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The Healthy Japanese Diet



Greg Scott May 2012  

Japanese people have the world’s highest expectancy, with men living to be 78 and women’s average 85. Even though there are high levels of pollution, stress, smoking and drinking, they still outlive the rest of the world.  MISO SOUP RECIPE

Why is this? If you’ve lived for any length of time in Japan, you know that it’s all about the diet. The Japanese diet has changed in recent years, but it’s still among the healthiest in the world.

Low cholesterol

There’s no chicken-fried steak in Japan, which is either fortunate or unfortunate depending on how you look at it. From the health point of view, it’s a good thing. Japanese people traditionally eat little red meat and almost no foods that contain saturated fats (the ‘bad’ fats). There are dramatically fewer deaths from heart disease and they also add lots of ginger to many dishes, which helps to lower cholesterol.

Less cancer

There is also less cancer in Japan and the reasons aren’t fully known for this, but it’s believed that green tea may help lower your risk. It comes from camellia sinsensis, the same plant as black tea, but it’s unfermented. Because of this it contains a high level of powerful antioxidants called polyphenols, which fight the free radicals that can lead to the abnormal cell growth of cancer.

Weeds from the sea

Japan has always had scant resources, and this undoubtedly led the ancient Japanese to grab whatever stuff they could out of the ocean to eat. The result is the tasty and healthful seaweed that you see everywhere today. Seaweed contains high levels of minerals (especially iodine) and microelements. It’s also chock full of protein and vitamins A, C, and B12.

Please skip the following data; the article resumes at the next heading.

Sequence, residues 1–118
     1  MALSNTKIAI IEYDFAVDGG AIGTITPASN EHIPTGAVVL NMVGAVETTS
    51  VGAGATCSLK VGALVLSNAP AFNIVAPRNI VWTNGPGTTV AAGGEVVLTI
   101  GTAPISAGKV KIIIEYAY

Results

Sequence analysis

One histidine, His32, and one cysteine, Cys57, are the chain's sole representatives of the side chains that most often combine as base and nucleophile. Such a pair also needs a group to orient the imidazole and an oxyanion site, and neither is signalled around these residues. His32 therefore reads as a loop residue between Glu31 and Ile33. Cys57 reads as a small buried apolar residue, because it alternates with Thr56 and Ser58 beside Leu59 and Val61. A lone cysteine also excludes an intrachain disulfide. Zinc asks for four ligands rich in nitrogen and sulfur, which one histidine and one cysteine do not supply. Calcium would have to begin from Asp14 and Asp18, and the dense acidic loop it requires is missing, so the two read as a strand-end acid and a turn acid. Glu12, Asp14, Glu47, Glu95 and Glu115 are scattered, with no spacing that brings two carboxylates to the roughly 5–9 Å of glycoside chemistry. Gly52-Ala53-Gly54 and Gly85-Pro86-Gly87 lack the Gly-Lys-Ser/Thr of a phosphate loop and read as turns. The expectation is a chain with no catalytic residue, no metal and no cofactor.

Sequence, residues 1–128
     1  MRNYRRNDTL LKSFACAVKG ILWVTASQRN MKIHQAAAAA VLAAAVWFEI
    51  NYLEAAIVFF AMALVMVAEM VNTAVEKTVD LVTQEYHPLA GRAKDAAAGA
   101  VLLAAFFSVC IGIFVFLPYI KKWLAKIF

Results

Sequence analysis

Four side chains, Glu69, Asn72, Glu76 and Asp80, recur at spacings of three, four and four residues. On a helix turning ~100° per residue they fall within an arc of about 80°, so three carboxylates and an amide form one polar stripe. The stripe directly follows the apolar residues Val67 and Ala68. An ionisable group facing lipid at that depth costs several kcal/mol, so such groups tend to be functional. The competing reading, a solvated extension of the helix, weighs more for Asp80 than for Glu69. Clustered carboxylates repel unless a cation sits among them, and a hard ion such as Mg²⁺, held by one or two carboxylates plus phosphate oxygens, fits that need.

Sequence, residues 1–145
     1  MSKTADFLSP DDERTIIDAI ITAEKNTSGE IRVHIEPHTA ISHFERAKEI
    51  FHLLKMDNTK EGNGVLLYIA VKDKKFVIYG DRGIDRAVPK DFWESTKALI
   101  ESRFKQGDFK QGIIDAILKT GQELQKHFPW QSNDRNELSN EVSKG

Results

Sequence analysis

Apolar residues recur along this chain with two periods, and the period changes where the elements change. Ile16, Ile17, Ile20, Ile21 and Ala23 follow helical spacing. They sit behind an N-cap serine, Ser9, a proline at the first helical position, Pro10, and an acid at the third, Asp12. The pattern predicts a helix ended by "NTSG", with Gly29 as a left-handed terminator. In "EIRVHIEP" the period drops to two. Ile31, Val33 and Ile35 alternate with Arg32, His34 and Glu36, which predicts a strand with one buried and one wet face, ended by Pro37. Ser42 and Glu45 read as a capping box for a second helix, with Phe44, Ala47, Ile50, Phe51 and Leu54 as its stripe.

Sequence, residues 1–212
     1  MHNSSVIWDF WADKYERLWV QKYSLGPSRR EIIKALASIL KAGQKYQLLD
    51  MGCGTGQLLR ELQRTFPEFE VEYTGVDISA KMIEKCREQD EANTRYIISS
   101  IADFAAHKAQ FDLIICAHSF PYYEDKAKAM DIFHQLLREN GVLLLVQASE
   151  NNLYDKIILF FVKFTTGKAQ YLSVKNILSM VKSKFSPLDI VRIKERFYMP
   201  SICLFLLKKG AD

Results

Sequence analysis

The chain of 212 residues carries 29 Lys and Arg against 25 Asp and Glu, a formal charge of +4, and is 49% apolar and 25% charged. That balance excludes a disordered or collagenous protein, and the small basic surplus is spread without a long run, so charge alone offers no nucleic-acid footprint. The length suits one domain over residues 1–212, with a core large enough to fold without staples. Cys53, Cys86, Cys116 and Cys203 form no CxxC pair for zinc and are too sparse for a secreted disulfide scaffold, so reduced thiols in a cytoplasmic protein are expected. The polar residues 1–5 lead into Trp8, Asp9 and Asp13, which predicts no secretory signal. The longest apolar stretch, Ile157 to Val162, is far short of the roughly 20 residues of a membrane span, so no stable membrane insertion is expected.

Omega 3

Many people in Japan eat fish daily. Fish contains omega-3 fatty acids, which are all the rage now in natural health products because they do so much for your body. Health benefits include improved brain functioning, help with growth and development, and most likely preventing serious health conditions like heart disease, arthritis and cancer.

Filling up on rice

White rice, and especially white rice of the short-grain Japanese variety, is high in nutrients. It’s also fairly high in calories and I’ve always wondered how Japanese people can eat massive amounts of rice and not put on weight. The key is that the okazu (おかず – side dish to the rice) is usually very low in calories. You end up filling up on rice rather than potatoes, meat or bread.

The joys of soy

You can find soy as a prominent part of nearly all traditional Japanese meals. It makes an appearance as tofu, edamame (枝豆 – green soybeans), shoyu (醤油 – soy sauce), (納豆 – fermented soybeans) and miso (味噌 – bean paste). Soy is high in protein, low in fat and offers all kinds of health benefits. Many people believe that it lowers cholesterol and blood pressure.

Another reason for the healthiness of Japanese people is expressed in the proverb hara-hachibun-me (腹八分目 – a stomach that’s 80% full). This proverb is a yoji-jukugo (四字熟語 – 4-kanji character proverb) that basically means if you eat until you’re 100% full, you’re overdoing it; eat less and you’ll live longer.

7 reasons why the Japanese diet is so healthy by Greg Scott

Originally from the States, Greg Scott has gone native in Chiba, Japan, where he lives with his wife and two children. When not writing, he plays drums like a meth-crazed gorilla in several Tōkyō bands.

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